Avoid these 5 latest scams
Skimming at the pump and ATMs
How it works: You use your debit card to withdraw cash at an ATM or pay at the pump when filling up. Unbeknownst to you, criminals installed a small device in the machine to record your card’s information and your PIN number. They can then use the data to clone your card and withdraw cash from your account.
This scam isn’t new, but it’s been gaining popularity in the U.S. during the busy summer travel season, according to Consumer Reports .
Think it’s only happening in the U.S. ? Criminal gangs are moving into Canada too. (See Goldhawk Fights Back: A new wave of debit card fraud sweeps across Canada)
How to fight it: Look closely before you perform a transaction, even at your own bank. If you see anything suspicious, alert the bank or gas station owner. Don’t forget to shield the pad when typing in your PIN, and change those PINs every month or two. If you’re wary at the pump, pay inside instead. (For more information, see the warning from Consumer Reports .)
Fake order confirmations
How it works: You receive an email from a well-known company confirming an order you supposedly placed for an expensive product. You may think someone has gotten a hold of your account or credit card information, and your first reaction is to follow the links to check your order history or to contact customer service to find out what’s going on.
However, instead of solving the problem, you end up with a bigger one: a virus or other malware (malicious software) on your computer. These scams may also direct you to a spam website or phishing site.
So far, some pretty big names like Amazon.com and Zappo’s have been spoofed in these schemes, forcing companies and the Better Business Bureau (BBB) to issue warnings. The emails are becoming increasingly sophisticated and often use legitimate email addresses, links and graphics.
How to fight it: Like other potentially damaging spam emails, the best thing to do is delete them. Don’t reply, don’t click on any of the links and never give out any personal or financial information. If you’re concerned, check your bank and credit card statements before taking action.
If you do open the message or click on something you shouldn’t have, experts advise to run your anti-virus scan just to be on the safe side.
Facebook “dislike” button (and other viral scams)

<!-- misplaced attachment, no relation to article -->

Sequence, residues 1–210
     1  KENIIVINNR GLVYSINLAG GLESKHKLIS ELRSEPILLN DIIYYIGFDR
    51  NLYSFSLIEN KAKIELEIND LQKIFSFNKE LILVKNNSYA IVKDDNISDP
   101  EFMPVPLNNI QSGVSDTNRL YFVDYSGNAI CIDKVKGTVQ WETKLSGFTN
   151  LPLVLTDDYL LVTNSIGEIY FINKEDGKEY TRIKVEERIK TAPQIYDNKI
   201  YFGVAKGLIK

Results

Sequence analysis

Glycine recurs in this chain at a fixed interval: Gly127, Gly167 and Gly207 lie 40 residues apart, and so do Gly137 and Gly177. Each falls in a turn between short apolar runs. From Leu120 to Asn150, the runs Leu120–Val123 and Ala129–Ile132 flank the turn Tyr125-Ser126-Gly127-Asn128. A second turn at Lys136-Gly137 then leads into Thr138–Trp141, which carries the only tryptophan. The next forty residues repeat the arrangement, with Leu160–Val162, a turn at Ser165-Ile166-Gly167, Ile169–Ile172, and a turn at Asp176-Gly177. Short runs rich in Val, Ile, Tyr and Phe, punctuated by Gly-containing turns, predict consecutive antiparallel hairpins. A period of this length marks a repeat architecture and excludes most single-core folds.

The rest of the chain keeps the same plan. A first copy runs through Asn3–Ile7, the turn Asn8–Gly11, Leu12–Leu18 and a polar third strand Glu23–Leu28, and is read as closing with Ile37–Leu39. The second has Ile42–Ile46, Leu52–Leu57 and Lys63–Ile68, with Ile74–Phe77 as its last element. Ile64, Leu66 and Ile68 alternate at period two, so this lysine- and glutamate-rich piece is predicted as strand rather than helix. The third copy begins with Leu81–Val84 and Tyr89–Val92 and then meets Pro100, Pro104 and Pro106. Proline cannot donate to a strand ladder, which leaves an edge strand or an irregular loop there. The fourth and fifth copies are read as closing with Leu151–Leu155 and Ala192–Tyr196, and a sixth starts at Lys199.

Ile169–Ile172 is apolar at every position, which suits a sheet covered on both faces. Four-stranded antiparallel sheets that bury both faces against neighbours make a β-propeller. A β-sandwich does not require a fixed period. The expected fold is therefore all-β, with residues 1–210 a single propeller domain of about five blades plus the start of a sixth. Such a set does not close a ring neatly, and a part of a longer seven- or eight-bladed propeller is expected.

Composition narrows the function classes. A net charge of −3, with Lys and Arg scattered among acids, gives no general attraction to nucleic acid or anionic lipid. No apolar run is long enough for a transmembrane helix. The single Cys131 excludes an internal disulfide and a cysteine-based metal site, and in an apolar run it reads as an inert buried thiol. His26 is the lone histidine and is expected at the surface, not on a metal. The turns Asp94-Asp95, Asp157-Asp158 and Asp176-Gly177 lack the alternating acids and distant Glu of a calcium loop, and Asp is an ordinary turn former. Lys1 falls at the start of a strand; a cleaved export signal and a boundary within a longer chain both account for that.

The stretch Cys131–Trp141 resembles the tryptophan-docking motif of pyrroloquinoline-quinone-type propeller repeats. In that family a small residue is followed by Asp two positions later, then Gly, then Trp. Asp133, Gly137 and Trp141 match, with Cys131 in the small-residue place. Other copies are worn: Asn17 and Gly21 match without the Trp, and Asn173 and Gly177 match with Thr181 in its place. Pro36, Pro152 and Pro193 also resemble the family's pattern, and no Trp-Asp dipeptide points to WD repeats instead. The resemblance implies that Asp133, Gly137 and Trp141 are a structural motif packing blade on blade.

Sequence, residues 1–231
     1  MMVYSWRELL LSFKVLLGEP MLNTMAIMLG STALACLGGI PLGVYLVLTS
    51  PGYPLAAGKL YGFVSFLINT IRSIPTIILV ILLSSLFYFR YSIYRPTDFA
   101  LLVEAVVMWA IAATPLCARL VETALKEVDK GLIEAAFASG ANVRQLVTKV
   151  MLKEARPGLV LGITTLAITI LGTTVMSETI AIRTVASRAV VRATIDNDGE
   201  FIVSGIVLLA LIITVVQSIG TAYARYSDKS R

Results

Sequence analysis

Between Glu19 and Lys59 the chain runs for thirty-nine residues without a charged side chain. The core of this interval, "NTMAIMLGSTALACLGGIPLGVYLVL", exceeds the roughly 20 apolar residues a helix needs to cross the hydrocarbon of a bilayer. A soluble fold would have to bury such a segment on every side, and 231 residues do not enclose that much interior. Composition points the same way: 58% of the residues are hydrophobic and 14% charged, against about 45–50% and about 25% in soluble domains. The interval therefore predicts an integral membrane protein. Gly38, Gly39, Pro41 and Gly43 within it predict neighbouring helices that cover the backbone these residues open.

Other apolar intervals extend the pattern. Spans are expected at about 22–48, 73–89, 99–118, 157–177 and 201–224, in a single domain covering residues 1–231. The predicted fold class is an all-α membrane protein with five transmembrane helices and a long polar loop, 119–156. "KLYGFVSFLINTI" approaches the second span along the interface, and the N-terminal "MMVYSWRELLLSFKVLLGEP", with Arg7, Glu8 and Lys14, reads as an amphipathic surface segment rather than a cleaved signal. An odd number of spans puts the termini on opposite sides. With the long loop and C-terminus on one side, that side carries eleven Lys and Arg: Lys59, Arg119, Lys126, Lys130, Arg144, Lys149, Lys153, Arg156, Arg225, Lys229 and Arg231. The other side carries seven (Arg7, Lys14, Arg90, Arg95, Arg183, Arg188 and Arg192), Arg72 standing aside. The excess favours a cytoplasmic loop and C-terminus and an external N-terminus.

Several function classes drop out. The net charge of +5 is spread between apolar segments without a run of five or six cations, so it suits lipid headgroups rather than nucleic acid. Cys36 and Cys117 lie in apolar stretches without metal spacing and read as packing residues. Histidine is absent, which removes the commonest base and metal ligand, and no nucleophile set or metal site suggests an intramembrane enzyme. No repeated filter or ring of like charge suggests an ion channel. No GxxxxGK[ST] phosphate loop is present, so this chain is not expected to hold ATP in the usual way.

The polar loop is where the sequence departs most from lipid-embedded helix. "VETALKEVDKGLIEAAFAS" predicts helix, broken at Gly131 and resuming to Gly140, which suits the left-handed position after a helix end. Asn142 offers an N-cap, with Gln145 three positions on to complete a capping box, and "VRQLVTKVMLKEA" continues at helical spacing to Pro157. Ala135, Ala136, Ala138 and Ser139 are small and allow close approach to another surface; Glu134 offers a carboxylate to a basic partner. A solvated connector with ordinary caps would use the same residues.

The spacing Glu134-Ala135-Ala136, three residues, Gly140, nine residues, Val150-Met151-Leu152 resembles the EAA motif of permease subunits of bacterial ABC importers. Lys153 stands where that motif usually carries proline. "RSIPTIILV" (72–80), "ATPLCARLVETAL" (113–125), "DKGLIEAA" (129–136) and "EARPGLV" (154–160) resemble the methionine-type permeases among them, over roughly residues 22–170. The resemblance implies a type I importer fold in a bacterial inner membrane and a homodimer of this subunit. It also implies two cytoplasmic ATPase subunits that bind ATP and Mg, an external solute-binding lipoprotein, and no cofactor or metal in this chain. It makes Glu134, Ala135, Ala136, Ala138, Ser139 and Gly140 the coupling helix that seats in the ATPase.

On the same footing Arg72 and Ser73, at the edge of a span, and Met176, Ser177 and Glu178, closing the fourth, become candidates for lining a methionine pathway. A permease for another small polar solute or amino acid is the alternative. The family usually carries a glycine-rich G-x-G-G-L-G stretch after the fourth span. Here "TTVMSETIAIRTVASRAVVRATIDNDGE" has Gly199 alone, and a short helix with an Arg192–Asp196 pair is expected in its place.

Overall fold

How it works: Frequent Facebook members know the “like” button doesn’t always cut it. Though users would often like to voice their disapproval, experts are warning there’s no such thing as an “official dislike button.” That doesn’t mean you won’t see prompts to download this rogue application, or posts claiming your contacts are using it. The application will access your profile and spread the scam to your friends, family and coworkers. You might even be asked to fill out a survey first – for which the perpetrator earns cash.
How to fight it: Experts advise caution when using any social media site. Ignore suspicious sounding ads, links and invites, even if they come from friends and followers. Beware of any generic updates in your news feed that seem out of character (like “OMG I just saw the funniest video. Lol.”) or sound more like ad-speak than a legitimate status update. Be cautious about giving out your information or allowing any application you’re not familiar with to access your data.
Fortunately, the consequences of this particular Facebook scam are more embarrassing than dangerous. If you are caught, go into your application settings and delete the application. (See the report from security firm Sophos for more information.)
Grandchildren in trouble
How it works : The stories vary – it could be a car crash, an arrest, kidnapping or other crisis – but the premise is the same; the fraudster calls claiming to be a grandchild in trouble and needs cash immediately. Sometimes the caller has done their homework on social media sites for details to lend truth to their tales, other times they’ll take cues from the grandparents, like asking “do you know who this is?” to get a name.
How to fight it : This scam typically targets seniors. If you know someone who may be at risk, experts advise to talk about the scam and how to react to a call. The best response is simply to hang up. If the call upsets you or you think it might be real, write down the details and call the grandchild’s family to confirm his or her whereabouts.
Acai berry products and other “free trials”
How they work : Superfoods are all the rage, and acai berries promise to help you lose weight, combat aging and even fight against colon cancer. The internet is full of ads for free trials of these expensive supplements.
Unfortunately, the products may contain additives, fillers, undeclared pharmaceuticals (like laxatives) and potentially harmful contaminants. Those free trials quickly turn into expensive monthly shipments that are difficult to stop.
Currently, the FTC is toughening up its crackdown on these product providers. (Read the FTC’s press release for more information.)
How to fight it: If you want to try acai berry products, purchase them from a reputable store or business. Pay by credit card instead of debit so you’ll have the option of disputing the charges later on. And do your research, while acai berries are a good source of anti-oxidants, there’s no proof they’ll help you lose weight or fight off specific diseases like colon cancer.
If you or someone you know is approached or caught by any scam, experts recommend reporting it so that others can be warned.
For more information about scams and how to avoid them, visit the Fight Fraud section on 50Plus.com
Additional sources: BBC News, Better Business Bureau, local news reports.